24 Comments


  1. Well, I hope people send stuff in! If not, I will just rant about romance being the tool of the patriarchy for 45 minutes until I break down in sobs. And nobody wants to hear that.

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  2. Dave, I have to say…

    Just the thought–the very, extremely comical thought–of you ending a solitary rant (about romance as the tool of the patriarchy? really?) in sobs is enough to keep me waiting for the 14th. Of course, on the off-chance (*grin*) you get a batch of excellent submissions, that would be worth the wait, too!

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    1. Thanks for the vote of confidence! As it happens, I’ve already received at least one very one very good submission (I say “at least” because I haven’t looked at my email yet this morning), so y’all will be spared, I think. I will probably talk about my own experience with platonic love, which has been almost entirely positive, and while I hope to avoid ranting, may briefly lament the lack of imagination that keeps even supposed nonconformists and creatives from deviating too far from society’s scripts. I may even do some decrying and deploring. We’ll see.

      Needless to say, I’d love to hear a nun’s perspective on this, but if you can’t do it, I understand.

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      1. You’re frighteningly astute: the moment I read the prompt, I thought, “Oh, dang, this is too good to pass up…” The problem is making a vocal recording, actually; not just the technical aspects of it, but the fact that it adds time to producing a piece. If I write something, it may just stay “written,” and leave the podcast debut for another time.

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        1. Maybe you could find somebody to read and record it for you? I mean, they don’t have to be there in Korea; they could be anywhere in the world.

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  3. My poem in its draft form is ready, and I will tweak it soon. But I am worried about the quality of my recording. Last time I sent a poem for Qarrtsiluni you had to clean up quite a bit :(

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    1. I don’t mind cleaning up recordings with too much white noise or whatnot; pops from being too close to the mike are another issue. But if it’s a good reading and a good piece, I’ll almost certainly be able to make room for it. So far I am not getting inundated with submissions.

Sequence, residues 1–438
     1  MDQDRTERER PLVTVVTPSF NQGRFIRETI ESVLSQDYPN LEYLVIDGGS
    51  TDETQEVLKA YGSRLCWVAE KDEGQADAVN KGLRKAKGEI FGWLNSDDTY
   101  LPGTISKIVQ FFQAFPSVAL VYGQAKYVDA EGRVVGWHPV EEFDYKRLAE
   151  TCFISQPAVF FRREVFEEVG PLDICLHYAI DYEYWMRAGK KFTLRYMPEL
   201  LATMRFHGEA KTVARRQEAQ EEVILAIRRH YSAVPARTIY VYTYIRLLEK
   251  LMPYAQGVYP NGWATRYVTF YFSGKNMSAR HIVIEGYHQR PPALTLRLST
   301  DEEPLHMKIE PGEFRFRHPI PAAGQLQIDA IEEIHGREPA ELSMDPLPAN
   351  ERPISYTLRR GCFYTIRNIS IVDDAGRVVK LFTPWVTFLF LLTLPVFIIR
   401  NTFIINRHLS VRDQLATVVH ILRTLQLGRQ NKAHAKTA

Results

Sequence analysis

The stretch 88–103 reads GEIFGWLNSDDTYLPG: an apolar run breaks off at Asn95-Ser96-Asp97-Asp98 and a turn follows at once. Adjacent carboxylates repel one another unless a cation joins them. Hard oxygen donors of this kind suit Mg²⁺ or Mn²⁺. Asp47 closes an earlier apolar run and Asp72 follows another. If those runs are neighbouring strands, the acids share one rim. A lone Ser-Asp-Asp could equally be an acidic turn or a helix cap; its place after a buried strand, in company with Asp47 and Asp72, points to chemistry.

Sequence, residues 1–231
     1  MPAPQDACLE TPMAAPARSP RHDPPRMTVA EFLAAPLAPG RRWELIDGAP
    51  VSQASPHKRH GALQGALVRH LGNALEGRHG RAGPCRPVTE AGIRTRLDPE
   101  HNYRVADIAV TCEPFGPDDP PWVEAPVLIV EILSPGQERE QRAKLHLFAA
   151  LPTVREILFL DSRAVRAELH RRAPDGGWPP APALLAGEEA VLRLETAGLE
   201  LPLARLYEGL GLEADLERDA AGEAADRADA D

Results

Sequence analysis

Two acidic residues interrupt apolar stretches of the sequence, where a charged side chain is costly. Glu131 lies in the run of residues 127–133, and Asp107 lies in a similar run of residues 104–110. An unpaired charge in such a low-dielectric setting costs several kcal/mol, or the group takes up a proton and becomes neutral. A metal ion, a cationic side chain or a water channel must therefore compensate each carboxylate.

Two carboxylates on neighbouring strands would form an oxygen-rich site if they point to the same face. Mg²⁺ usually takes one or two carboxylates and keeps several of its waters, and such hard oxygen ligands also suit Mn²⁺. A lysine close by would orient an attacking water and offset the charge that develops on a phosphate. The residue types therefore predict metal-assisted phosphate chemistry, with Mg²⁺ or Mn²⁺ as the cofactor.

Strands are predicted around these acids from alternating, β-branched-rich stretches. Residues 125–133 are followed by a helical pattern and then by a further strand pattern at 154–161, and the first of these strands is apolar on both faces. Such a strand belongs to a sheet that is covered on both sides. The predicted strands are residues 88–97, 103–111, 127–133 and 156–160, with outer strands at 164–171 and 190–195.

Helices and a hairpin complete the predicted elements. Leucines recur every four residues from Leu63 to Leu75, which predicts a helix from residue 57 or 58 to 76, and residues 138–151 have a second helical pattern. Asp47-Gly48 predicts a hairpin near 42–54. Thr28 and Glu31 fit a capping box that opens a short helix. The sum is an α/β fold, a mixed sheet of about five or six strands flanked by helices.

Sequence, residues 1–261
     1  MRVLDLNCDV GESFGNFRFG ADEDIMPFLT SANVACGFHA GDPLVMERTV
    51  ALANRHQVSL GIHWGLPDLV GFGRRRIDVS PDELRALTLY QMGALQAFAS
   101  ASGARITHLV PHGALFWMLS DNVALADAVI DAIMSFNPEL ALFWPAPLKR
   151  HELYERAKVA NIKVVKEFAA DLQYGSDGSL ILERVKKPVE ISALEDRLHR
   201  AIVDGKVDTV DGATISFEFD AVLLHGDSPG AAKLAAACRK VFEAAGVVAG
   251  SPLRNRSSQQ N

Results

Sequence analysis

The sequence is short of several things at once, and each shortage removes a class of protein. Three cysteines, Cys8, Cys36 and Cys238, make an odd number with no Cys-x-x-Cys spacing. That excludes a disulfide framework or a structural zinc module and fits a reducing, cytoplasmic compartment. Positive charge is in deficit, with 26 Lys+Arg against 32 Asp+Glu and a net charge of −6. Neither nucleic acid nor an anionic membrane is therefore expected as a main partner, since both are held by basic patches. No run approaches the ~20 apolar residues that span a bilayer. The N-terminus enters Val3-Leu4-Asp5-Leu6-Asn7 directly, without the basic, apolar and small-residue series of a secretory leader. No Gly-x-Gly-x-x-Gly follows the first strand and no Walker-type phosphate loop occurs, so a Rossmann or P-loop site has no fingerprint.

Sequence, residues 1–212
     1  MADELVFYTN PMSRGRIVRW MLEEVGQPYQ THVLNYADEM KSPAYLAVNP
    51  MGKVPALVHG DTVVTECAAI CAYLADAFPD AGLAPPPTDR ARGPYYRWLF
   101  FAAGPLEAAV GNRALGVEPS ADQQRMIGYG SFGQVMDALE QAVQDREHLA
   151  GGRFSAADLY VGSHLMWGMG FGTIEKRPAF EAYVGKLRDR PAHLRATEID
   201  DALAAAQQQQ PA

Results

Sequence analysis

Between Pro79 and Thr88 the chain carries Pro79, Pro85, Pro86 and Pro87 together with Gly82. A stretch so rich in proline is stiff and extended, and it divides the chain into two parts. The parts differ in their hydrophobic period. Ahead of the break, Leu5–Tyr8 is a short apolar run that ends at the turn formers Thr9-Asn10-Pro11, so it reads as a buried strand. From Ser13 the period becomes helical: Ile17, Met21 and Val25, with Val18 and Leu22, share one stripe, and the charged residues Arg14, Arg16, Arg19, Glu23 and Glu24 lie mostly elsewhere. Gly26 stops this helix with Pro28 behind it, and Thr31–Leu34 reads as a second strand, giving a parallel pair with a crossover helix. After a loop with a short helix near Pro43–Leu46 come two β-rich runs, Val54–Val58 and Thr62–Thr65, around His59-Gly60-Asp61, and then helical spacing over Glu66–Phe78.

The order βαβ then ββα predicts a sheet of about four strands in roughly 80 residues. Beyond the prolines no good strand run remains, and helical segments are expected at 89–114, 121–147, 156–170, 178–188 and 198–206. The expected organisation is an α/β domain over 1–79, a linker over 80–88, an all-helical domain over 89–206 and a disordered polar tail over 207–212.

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  4. Well, somebody just sent me one for a listen today, so I suspect you are going to get a batch!

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  5. I sent your suggestion/plea to my lover, Dave. Not sure his submission will qualify as “platonic”.

    : )

    (laugh)

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  6. I’m changing my blog name to “Tool of the Patriarchy”

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  7. I’ll send something. Although a soundfile of your sobbing might have some novelty appeal.

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    1. I’ll see what I can do. One way or another, I look forward to your contribution. I can tell you from what I’ve gotten already that you’ll be in great company!

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  8. Dave,
    I’m teaching Samuel this semester, and that led me to start something on the classic example, David and Jonathan. Supposing I can finsish something passable and record it on time is that acceptable, even though, if they were two heterosexual men, it does not fit your mandate?

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    1. I think it would fit, inasmuch as a great many contemporary readers have a hard time reading of such a close friendship and thinking it was anything other than sexual. Yes, please send!

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      1. I’d often thought the same but hadn’t heard it expressed until now.

        Reply